CHICAGO — Pete Rose has accumulated many impressive statistics during his quarter century of playing major-league baseball and one of those stats isn't likely to be found in the record books.
For Rose, after all, has seen a lot of umpires in his time. Some good, some bad, some in between.
Because he has played so long, he has gotten to know many arbiters. And Rose, who is an avid student of the game, has his own opinions on the subject of umpiring.
For the record, Rose never had the reputation as being a grumbler, even in his current role as a player-manager. He will pick and choose his spots to get into rhubarbs because, as a long-time veteran, he knows the futility of trying to show up an umpire.
The prime factor Rose looks for in an umpire is consistency.
"As a player, that's the one major thing you are looking for," Rose says. "If he calls it a high strike or a low strike, stay with it. Some umpires have different strike zones. The main thing is consistency."
Rose has a theory about the variations of the strike zone which he says depends on the size of the umpire.
"Some guys are much taller and they don't bend over as much so they might see a lower pitch better than a higher pitch," Rose notes. "In the American League, they called the higher pitch because they stood up with the outside chest protector on. It was common sense if you stand up straight you'll see higher pitches better than the low pitches."
Rose can only speak with authority on the National League but he thinks the strike zone has stayed constant.
"Sure, because a lot of the umpires have been around a long time," he says.
Strike zones aside, there are some umpires you know you can have your say with and you won't get thumbed out of a game, according to Rose. At a game in Chicago in late May, Rose had a heated argument with veteran Bruce Froemming. But Rose says even the amount of time you can argue varies with each umpire.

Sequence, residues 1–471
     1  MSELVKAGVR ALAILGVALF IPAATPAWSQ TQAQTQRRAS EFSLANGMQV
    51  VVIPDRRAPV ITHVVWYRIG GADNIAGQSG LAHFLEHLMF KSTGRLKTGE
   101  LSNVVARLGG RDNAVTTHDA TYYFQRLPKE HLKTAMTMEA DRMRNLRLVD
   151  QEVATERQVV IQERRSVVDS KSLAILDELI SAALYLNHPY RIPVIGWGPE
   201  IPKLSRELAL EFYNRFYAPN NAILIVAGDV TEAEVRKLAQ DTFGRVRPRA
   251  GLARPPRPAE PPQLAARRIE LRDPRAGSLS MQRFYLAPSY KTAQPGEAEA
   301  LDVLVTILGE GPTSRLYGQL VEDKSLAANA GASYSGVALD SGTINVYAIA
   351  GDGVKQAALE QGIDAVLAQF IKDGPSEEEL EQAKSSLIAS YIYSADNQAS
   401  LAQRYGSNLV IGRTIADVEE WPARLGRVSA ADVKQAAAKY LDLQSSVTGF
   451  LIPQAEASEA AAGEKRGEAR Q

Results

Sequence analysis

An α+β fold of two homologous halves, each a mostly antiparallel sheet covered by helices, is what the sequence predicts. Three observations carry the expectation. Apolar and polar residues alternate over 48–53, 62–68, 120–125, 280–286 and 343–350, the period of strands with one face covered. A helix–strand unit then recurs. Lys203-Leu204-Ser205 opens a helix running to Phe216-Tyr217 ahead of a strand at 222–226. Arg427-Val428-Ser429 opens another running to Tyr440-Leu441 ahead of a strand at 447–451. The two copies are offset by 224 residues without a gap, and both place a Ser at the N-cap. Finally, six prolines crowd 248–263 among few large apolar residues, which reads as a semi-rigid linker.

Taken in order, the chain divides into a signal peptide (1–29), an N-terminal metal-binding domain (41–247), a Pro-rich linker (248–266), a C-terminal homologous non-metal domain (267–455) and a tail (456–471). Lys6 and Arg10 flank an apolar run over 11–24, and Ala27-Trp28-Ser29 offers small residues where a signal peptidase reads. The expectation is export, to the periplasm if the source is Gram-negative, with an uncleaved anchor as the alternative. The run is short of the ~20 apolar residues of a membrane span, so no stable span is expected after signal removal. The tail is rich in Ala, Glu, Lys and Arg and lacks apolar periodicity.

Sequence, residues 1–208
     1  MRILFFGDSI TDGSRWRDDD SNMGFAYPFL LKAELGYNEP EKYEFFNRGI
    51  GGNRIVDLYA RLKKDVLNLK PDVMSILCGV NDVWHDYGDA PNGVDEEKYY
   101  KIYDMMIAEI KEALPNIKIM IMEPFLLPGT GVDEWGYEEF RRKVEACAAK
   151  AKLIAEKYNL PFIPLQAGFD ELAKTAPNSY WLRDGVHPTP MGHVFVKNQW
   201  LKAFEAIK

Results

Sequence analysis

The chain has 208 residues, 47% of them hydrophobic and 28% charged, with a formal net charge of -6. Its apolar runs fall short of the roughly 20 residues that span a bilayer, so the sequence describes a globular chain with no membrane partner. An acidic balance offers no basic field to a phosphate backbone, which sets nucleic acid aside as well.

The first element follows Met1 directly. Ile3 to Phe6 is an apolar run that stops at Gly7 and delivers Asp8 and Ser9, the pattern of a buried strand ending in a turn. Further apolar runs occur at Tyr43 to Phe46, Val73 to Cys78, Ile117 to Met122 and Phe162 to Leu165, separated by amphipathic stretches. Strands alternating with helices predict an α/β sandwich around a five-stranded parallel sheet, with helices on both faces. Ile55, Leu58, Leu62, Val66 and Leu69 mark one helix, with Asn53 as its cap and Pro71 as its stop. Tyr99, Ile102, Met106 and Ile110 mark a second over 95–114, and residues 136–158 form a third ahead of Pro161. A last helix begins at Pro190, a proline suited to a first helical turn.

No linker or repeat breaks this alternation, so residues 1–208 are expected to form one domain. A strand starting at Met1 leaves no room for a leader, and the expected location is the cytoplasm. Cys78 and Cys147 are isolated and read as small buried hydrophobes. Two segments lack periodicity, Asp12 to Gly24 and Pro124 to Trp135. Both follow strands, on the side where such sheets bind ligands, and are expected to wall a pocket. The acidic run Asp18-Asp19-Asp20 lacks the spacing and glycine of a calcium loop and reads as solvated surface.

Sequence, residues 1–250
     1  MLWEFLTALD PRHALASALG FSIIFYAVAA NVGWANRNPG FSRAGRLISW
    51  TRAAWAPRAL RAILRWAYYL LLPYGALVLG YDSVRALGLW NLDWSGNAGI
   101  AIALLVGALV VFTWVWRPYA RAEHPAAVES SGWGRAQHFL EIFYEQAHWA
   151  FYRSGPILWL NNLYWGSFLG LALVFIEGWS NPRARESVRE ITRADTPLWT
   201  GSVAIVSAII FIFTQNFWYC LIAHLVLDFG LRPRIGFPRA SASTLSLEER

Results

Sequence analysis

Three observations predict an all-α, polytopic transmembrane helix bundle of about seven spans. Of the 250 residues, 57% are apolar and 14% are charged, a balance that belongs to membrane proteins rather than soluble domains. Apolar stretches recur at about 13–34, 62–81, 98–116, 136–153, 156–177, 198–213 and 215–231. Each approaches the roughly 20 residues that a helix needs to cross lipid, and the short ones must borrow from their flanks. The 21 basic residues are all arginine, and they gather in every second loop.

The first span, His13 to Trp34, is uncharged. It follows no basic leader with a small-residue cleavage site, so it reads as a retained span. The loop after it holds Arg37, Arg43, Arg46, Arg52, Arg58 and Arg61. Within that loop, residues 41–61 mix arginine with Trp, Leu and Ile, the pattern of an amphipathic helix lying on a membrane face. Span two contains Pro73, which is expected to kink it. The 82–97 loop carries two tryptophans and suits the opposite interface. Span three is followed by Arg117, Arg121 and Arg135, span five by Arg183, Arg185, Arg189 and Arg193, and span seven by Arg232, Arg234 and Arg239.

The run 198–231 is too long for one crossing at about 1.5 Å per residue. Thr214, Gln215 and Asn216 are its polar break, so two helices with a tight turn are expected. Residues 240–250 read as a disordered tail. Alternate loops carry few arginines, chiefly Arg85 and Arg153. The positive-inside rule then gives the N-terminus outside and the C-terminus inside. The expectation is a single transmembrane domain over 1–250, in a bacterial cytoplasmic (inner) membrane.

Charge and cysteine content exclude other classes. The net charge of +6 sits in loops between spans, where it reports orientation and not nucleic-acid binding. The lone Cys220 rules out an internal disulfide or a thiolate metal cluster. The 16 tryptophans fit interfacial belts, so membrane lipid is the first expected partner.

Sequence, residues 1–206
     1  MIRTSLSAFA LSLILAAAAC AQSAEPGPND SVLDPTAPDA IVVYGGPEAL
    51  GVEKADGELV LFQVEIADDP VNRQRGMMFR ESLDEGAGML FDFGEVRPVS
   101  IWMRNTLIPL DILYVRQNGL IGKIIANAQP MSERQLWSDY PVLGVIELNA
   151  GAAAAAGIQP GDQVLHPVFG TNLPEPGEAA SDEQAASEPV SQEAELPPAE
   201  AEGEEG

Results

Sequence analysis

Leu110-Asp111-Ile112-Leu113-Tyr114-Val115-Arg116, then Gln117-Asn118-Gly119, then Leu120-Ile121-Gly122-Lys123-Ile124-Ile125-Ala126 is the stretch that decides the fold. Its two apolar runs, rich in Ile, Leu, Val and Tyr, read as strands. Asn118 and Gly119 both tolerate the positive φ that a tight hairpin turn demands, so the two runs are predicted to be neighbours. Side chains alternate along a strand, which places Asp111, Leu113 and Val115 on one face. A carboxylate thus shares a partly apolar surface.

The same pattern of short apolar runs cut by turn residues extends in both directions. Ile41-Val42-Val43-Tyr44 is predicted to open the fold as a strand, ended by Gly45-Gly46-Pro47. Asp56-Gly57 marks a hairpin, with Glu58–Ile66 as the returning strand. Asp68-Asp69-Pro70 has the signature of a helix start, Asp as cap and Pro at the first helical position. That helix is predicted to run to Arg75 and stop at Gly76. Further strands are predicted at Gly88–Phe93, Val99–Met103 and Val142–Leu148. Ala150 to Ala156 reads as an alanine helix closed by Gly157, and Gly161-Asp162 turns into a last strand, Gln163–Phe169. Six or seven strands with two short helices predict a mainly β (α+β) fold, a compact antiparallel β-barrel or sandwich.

"You can have your say, you can beef with him. After you have your say, go take a hike. You can stand with a guy like Froemming for five minutes and have your say, but don't go back to the dugout and start screaming at him again," Rose says.
Regarding retired umpires, several stand out in the future Hall-of-Famer's mind as being both fair and consistent.
"I always liked Al Barlick. He works very hard, always did. Shag Crawford, Augie Donatelli, they were good," he says. "Jocko Conlan. He used to sing to me at second base."
What kind of singing voice did Conlan have?
"I guess about a B-plus after A," he says.
Rose concedes the umpires when he broke in back in the early 1960s did not face the same type of pressures as the umpires of the mid 1980s face. There wasn't the media exposure back in 1960 as there is today and the sophisticated electronic replays were just in their infancy when Rose broke into the major leagues with the Cincinnati Reds.
"I don't think the umpires back in them days were under the microscope that they are today," Rose says. "You know you didn't have as many instant replays and there wasn't as much television."
Rose believes umpires are wary of the eye of the camera in baseball today.
"I think they are aware of it. There is a lot of pressure on them. I think if you just bare out what they do you will realize they do a good job," Rose adds.
Since adding the title of manager, Rose has discovered his perception of the umpires has changed somewhat from the days when he was strictly a player.
"It's the hardest part of my job. I have trouble arguing with the umpires, especially in Cincinnati where we are so close to first base," he says. "I'm the manager of the team and the guy has a play at first and he looks out to me and the umpire calls him out. And the guys start arguing. As a manager, I have to go out there but I have a tough time arguing with a guy if I think he's right."
That doesn't mean Rose doesn't like to, or won't argue.
"I argued when I think I am right," Rose says. "The umps aren't always right. They are human. The guy in the World Series (Don Denkinger) proved that, didn't he?"
If they are human, they do make mistakes. Rose says there is little any player or manager can do if he goes out and argues a call and the umpire admits an error.
"I often wonder you see the big rhubarbs. If I go out as a manager and start arguing with a guy about a second-base call and the umpire looks to me and says 'Pete, I missed the call,' well, I can't say another word to him. But, they never do that."